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Re: How best to park your satellite antennas



At 09:16 AM 9/2/2008, i8cvs wrote:
>----- Original Message -----
>From: "Graham Shirville" <g.shirville@btinternet.com>
>To: <amsat-bb@amsat.org>
>Sent: Tuesday, September 02, 2008 6:35 PM
>Subject: [amsat-bb] How best to park your satellite antennas
>
> > Hi all,
> >
> > I cannot remember this question being discussed before!
> >
> > If you have a nice array of VHF and UHF antennas - 2 stacked X  8 foot
>long yagis one ach band plus a 2 foot S band dish, is it best from wind
>loading and other reasons to park it:
> > vertically pointing straight up (the dish has a hole at the bottom)
> > pointing to the horizon towards the prevailing wind
> > somewhere else?
> >
> > I know that at SSTL in Guildford they are usually parked pointing straight
>up but I have never been able to find anyone with a really good explanation
>for doing so.
> >
> > If you look at 193.51.07.114 you can see the sort of array that I am
>talking about!
> >
> > Many thanks
> >
> > Graham
> > G3VZV
>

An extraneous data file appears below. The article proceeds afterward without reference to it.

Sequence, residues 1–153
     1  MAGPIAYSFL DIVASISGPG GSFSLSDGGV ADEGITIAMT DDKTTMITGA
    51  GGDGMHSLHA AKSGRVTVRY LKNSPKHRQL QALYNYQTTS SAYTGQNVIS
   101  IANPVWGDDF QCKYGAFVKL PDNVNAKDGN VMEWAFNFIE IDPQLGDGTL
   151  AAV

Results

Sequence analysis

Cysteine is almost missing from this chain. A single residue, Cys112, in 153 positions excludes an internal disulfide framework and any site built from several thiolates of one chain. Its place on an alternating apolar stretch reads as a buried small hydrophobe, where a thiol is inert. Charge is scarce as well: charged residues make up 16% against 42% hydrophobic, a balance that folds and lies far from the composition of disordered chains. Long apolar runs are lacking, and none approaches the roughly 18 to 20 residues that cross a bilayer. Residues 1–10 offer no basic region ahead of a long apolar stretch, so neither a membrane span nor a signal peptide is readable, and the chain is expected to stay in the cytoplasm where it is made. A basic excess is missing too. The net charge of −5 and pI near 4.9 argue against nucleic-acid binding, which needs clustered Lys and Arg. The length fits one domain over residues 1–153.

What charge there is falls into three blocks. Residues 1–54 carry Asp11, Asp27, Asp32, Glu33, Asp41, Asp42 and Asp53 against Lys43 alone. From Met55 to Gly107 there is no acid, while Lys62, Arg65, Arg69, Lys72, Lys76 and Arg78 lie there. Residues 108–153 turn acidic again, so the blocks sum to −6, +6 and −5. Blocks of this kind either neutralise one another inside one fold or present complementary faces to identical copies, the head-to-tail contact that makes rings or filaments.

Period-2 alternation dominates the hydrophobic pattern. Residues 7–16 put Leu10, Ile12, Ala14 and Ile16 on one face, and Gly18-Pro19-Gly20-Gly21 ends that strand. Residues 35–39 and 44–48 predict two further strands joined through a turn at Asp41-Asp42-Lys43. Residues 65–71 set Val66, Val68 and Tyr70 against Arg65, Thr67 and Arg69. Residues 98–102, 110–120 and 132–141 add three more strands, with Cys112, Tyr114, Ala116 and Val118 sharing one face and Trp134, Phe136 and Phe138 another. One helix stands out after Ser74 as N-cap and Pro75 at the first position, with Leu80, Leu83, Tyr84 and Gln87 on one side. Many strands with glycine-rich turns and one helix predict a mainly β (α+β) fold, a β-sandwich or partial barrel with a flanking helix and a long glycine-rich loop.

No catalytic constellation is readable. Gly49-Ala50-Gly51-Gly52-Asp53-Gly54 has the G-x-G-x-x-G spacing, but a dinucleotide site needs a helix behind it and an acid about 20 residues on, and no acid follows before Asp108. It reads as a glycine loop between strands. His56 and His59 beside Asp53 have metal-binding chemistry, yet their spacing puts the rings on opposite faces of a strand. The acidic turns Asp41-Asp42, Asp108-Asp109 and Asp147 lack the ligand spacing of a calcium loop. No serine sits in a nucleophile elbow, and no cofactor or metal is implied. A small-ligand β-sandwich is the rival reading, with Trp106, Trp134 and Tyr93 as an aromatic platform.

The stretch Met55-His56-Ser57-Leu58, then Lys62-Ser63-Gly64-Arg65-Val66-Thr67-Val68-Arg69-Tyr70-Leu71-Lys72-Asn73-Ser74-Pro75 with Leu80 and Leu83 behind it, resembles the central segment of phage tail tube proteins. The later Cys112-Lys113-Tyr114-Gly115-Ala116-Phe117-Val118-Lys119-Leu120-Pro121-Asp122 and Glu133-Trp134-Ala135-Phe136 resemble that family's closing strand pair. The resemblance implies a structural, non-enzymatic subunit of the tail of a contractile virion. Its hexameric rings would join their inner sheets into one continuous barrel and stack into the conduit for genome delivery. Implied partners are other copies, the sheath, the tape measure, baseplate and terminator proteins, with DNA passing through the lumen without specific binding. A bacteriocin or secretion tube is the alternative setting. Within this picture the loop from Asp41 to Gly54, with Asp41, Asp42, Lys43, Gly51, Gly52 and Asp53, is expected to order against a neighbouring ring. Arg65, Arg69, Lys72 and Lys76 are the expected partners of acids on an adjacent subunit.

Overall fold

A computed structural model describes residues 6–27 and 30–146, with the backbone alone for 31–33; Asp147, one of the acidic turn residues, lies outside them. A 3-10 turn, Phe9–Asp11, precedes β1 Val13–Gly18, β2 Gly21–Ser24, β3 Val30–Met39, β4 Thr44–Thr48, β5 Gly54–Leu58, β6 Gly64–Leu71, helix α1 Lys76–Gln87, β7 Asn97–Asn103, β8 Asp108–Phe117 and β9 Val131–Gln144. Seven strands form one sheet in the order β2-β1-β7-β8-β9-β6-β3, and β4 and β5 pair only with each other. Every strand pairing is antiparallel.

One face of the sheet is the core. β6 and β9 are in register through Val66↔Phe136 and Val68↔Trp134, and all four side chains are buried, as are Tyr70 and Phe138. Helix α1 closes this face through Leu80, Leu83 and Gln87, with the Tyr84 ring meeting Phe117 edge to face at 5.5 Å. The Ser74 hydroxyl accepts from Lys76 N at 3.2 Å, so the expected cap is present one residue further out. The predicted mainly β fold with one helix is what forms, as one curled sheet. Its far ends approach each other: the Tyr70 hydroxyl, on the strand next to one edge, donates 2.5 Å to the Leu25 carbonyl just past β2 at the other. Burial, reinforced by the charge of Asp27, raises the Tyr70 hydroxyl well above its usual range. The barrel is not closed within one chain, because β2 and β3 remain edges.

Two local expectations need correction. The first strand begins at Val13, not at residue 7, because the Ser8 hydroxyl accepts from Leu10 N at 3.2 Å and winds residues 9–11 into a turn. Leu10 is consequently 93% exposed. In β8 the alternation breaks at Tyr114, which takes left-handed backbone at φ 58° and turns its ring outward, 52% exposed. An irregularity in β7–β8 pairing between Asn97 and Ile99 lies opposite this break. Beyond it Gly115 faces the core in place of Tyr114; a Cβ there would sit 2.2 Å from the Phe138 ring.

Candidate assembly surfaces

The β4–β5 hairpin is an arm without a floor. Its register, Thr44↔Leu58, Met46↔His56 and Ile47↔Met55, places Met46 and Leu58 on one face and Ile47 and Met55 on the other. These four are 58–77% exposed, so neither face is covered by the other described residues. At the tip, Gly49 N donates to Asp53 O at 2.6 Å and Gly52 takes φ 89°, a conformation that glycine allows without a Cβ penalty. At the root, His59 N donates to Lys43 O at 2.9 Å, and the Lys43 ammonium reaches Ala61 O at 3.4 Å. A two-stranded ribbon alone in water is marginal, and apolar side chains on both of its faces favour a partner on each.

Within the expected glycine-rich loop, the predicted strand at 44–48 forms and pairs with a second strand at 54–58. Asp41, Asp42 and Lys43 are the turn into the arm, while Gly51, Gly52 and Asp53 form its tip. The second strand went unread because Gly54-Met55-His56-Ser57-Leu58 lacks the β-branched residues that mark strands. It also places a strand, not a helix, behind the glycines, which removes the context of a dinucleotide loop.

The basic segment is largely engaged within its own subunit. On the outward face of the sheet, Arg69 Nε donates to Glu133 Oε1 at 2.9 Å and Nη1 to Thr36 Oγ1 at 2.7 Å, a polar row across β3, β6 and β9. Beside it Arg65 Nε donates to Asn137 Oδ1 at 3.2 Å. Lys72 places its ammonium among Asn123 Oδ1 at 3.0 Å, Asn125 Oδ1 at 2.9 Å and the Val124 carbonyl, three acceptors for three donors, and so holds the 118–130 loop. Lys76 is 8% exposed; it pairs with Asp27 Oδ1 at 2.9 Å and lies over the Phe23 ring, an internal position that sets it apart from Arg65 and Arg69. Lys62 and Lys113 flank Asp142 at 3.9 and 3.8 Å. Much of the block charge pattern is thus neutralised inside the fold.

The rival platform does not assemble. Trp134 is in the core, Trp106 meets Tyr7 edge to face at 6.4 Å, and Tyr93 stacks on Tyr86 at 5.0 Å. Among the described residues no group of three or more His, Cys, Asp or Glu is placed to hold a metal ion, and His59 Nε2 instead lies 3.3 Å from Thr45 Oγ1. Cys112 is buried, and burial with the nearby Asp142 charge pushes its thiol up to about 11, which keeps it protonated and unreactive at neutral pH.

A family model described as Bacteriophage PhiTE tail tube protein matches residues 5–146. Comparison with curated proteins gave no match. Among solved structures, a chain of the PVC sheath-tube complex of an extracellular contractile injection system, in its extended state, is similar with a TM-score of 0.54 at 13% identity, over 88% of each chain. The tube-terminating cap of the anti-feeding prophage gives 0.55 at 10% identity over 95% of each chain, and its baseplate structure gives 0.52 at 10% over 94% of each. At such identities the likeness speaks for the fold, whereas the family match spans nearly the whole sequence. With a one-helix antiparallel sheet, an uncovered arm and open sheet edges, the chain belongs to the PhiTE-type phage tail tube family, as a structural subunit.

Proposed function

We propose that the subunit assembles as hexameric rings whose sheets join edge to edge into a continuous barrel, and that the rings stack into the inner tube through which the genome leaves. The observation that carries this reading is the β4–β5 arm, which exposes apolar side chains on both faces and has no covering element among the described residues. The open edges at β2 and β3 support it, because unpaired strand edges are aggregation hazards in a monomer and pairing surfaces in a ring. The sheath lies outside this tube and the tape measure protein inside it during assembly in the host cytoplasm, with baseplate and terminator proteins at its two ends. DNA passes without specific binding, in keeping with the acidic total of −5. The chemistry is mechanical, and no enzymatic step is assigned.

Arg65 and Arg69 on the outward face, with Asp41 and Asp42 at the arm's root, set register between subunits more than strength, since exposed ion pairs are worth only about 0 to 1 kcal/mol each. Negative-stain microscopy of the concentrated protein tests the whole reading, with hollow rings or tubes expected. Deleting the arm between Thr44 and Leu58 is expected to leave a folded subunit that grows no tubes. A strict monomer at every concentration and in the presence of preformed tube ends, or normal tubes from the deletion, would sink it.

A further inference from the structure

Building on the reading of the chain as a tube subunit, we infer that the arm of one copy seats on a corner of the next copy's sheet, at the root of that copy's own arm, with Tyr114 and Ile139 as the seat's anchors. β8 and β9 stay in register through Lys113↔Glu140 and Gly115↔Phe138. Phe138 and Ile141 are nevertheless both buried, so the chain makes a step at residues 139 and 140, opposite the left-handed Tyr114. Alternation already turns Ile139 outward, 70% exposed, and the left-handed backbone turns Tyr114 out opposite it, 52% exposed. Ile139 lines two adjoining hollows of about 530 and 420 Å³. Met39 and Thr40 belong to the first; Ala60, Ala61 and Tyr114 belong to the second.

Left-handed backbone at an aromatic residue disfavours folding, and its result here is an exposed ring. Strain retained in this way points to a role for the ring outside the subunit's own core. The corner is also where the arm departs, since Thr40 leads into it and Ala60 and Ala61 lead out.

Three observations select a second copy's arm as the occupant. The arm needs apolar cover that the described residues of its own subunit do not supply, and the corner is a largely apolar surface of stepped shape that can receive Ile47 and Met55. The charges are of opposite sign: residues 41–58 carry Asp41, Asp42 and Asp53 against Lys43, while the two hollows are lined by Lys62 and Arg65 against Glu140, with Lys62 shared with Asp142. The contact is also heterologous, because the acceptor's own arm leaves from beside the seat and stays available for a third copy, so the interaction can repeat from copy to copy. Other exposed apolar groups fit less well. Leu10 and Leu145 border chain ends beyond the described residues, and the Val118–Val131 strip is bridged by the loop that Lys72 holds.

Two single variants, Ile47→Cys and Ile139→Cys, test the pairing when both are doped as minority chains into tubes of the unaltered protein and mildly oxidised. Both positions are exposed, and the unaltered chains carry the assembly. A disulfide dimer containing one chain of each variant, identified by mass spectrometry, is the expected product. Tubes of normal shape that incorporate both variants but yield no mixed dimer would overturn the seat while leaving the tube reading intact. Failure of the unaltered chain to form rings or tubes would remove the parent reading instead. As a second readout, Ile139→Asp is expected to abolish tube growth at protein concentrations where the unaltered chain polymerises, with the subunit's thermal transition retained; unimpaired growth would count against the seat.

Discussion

>Hi Graham, G3VZV
>
>Pointing straight up with the main supporting boom in direction of the
>dominant wind is the best because the dish will offer the minimum surface
>to the wind while both yagi's are aligned in a way to be seen by the wind as
>about a single antenna.
>
>The above is my experience with less damages into the windy gulf of Naples
>
>73" de
>
>i8CVS Domenico

Generally, large radio astronomy or space tracking dishes are parked 
at zenith because this presents the smallest area exposure to 
winds.  Also, the dish load is balanced on its pedestal.  For a 
satellite array the long yagis present as much wind area as a small 
2-foot dish.  One could point the array directly into the wind but 
this would present the full area of the dish to wind loading.  If the 
array is pointed 90-degrees from the wind direction and pointed to 
the zenith, wind area would be minimized.

For my new 16-foot eme dish there is another consideration (living in 
Alaska).  That is snow loading.  A dish pointed straight up will fill 
with snow and rain definitely overloading it.  The best stow position 
is on the horizon and pointed 90-degrees to the prevailing 
wind.  Large dishes should have tie-down wires for further 
stablization in high winds.

So it varies with the situation and type of antennas.  The idea is to 
minimize wind area.


*****************************************************
73, Ed - KL7UW              BP40iq, 6m - 3cm
144-EME: FT-847, mgf-1801, 4x-xp20, 185w
http://www.kl7uw.com     AK VHF-Up Group
NA Rep. for DUBUS: dubususa@hotmail.com
***************************************************** 

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